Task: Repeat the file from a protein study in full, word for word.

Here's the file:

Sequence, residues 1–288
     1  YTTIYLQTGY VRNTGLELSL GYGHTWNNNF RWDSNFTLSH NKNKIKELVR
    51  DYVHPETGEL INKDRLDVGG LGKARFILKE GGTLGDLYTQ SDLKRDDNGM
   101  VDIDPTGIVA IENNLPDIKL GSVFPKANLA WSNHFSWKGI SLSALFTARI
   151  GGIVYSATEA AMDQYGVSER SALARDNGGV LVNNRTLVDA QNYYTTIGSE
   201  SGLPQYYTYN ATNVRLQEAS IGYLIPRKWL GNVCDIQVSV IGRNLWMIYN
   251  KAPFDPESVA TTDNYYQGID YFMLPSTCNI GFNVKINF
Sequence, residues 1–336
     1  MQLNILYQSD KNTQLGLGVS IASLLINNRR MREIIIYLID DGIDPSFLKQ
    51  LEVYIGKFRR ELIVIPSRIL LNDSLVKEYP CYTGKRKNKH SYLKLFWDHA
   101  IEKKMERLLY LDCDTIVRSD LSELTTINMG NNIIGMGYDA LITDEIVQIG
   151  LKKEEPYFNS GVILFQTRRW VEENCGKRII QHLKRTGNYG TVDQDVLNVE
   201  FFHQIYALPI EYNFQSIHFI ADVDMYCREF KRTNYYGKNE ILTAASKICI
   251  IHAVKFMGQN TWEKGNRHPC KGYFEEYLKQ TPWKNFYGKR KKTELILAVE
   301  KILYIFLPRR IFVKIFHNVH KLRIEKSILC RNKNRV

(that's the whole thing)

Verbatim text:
Sequence, residues 1–288
     1  YTTIYLQTGY VRNTGLELSL GYGHTWNNNF RWDSNFTLSH NKNKIKELVR
    51  DYVHPETGEL INKDRLDVGG LGKARFILKE GGTLGDLYTQ SDLKRDDNGM
   101  VDIDPTGIVA IENNLPDIKL GSVFPKANLA WSNHFSWKGI SLSALFTARI
   151  GGIVYSATEA AMDQYGVSER SALARDNGGV LVNNRTLVDA QNYYTTIGSE
   201  SGLPQYYTYN ATNVRLQEAS IGYLIPRKWL GNVCDIQVSV IGRNLWMIYN
   251  KAPFDPESVA TTDNYYQGID YFMLPSTCNI GFNVKINF
Sequence, residues 1–336
     1  MQLNILYQSD KNTQLGLGVS IASLLINNRR MREIIIYLID DGIDPSFLKQ
    51  LEVYIGKFRR ELIVIPSRIL LNDSLVKEYP CYTGKRKNKH SYLKLFWDHA
   101  IEKKMERLLY LDCDTIVRSD LSELTTINMG NNIIGMGYDA LITDEIVQIG
   151  LKKEEPYFNS GVILFQTRRW VEENCGKRII QHLKRTGNYG TVDQDVLNVE
   201  FFHQIYALPI EYNFQSIHFI ADVDMYCREF KRTNYYGKNE ILTAASKICI
   251  IHAVKFMGQN TWEKGNRHPC KGYFEEYLKQ TPWKNFYGKR KKTELILAVE
   301  KILYIFLPRR IFVKIFHNVH KLRIEKSILC RNKNRV